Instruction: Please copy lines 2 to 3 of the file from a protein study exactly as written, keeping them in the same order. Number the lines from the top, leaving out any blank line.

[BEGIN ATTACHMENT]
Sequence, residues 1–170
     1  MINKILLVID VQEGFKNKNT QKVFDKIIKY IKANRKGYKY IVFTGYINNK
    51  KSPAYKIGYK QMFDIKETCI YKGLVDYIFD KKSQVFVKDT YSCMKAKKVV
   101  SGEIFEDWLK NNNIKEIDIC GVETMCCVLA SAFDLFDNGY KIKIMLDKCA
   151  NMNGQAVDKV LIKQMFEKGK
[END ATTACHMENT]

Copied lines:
     1  MINKILLVID VQEGFKNKNT QKVFDKIIKY IKANRKGYKY IVFTGYINNK
    51  KSPAYKIGYK QMFDIKETCI YKGLVDYIFD KKSQVFVKDT YSCMKAKKVV